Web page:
"I can't tell you how sick I am," Paul Aufiero (Patton Oswalt) first says at the beginning of the new dark drama, Big Fan. Though he is doing nothing more than scribing his hatred for the Philadelphia Eagles in this opening scene, he becomes stuck on this sentence, repeating this one phrase. "I can't tell you how sick I am." "I can't tell you how sick I am." These words encapsulate Paul's being, perfectly setting the film's tone and preparing the viewer for an in-depth exploration into this twisted individual.
Paul loves the New York Giants. He attends every home game, tailgating and fraternizing with the Giants community, but can't afford the tickets, so he sits in the parking lot and watches the games on television, pretending he is actually in there with the crowd. His life revolves around the team and he periodically calls into a radio show to praise them. One night, he sees his favorite player, Quantrell Bishop, at a gas station and follows him to a strip club. When he approaches Bishop and reveals that he has been tailing him all night, Bishop beats him to a bloody pulp, hospitalizing him. The controversy surrounding the attack causes Bishop to be suspended from playing, but Paul, being the big fan that he is, refuses to press charges or testify against Bishop because he fears his arrest will put the season on the line.
Big Fan is a dark character study, brilliant at times, haunting at others, but always entertaining. What some movies of a similar style do is chicken out at the end and twist a happy ending out of an overall grim picture (look no further than Wristcutters for proof), but not this one. It follows through with its gloom until the bitter end with a climax that is ingenious and unpredictable, never outstretching its credulity, but walking that fine line exquisitely, with Paul carrying out a final act that seems perfectly realistic of his character.
Paul works at a parking garage, confined in a small box, desolate and alone, which is parallel to his mental state. He is trapped in his own head, living a life that doesn't exist and pretending to be somebody he imagines, not the person he is. He even has homosexual tendencies that he can't seem to properly define.
After his late night calls to the radio show, he becomes instantly aroused upon hanging up the phone and begins to pleasure himself. Later, when Bishop becomes ineligible to play, his arousal weakens. Without the thought of Bishop trounching his opponents, he becomes impotent and unable to masturbate. Earlier at the strip club, a stripper approaches him. Although he humors her with monosyllabic banter, he barely even looks at her, keeping his eyes focused on the sports star.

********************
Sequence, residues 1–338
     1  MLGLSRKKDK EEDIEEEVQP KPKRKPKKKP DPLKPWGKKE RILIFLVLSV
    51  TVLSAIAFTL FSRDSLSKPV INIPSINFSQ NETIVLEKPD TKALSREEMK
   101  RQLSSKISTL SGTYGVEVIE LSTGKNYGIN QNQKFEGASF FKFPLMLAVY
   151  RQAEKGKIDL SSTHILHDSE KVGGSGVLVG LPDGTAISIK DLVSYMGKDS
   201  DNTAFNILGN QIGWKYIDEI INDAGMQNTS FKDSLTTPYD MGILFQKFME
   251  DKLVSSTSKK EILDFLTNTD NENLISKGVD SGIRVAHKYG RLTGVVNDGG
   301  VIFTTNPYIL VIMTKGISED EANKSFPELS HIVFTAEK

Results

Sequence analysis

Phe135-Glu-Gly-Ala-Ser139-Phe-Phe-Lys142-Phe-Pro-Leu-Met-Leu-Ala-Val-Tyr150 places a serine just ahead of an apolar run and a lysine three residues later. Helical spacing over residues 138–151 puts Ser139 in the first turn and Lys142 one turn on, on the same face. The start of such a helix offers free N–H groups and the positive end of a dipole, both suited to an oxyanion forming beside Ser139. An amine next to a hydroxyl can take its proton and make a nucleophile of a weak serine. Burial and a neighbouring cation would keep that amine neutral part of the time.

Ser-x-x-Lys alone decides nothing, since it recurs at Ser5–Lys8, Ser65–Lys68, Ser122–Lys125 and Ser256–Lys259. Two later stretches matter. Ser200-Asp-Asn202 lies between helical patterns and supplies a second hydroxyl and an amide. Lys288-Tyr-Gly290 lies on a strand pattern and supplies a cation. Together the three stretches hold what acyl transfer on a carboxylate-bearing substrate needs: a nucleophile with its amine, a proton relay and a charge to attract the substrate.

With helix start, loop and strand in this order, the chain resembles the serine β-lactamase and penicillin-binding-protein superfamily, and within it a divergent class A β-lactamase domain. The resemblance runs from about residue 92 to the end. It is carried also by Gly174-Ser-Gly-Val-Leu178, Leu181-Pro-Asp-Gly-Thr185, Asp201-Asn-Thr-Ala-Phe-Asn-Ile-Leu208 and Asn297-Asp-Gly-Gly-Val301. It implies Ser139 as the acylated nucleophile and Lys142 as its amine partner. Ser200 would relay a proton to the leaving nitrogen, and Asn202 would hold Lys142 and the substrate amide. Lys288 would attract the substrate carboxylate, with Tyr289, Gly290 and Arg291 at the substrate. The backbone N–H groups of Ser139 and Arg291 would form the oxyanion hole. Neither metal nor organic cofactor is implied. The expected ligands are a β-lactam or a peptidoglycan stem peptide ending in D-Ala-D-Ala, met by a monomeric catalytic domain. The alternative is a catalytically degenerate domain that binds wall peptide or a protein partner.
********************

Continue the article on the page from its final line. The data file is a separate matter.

After he is assaulted and Bishop is forbidden to play, Paul loses sleep, not because he is traumatized from the attack, but because his ineligibility is causing the Giants to lose games. Like a wife beaten by her abusive husband, he believes he is at fault. With his team falling apart and his mental state weakening, he slips on Bishop's jersey, cuddles up on his bed and cries. Paul loves Bishop and finds no fault in what he has done.
Big Fan is poignant, immensely entertaining and extremely well done. Though no element outshines another, with each facet of its design working as just another cog in a well oiled machine, the film would mean nothing without a good lead and Patton Oswalt brings the goods. Not a follower of any sport in real life, Oswalt slips into Paul's shoes comfortably, ably exploring the emotional distraught of the character and mental feebleness that is keeping him confined in his own fictional world. His performance is extraordinary and I can't wait to see him in his next dramatic role.
Paul is a scary guy, an unforgettable enigma who is not easily definable to the average viewer because he can't even define himself. He is a 30-something year old man working at a dead end job who still lives with his mother and has a homoerotic fixation to a star football player. By taking such a common persona, a sports fan, and turning him into a disturbed, neurotic individual, Big Fan effectively explores the inner turmoil of somebody who lives vicariously through others in order to shield himself with a false comfort. It is in its unflinching desire to show the true face behind all of the red and blue paint that Big Fan succeeds.
Big Fan receives 4.5/5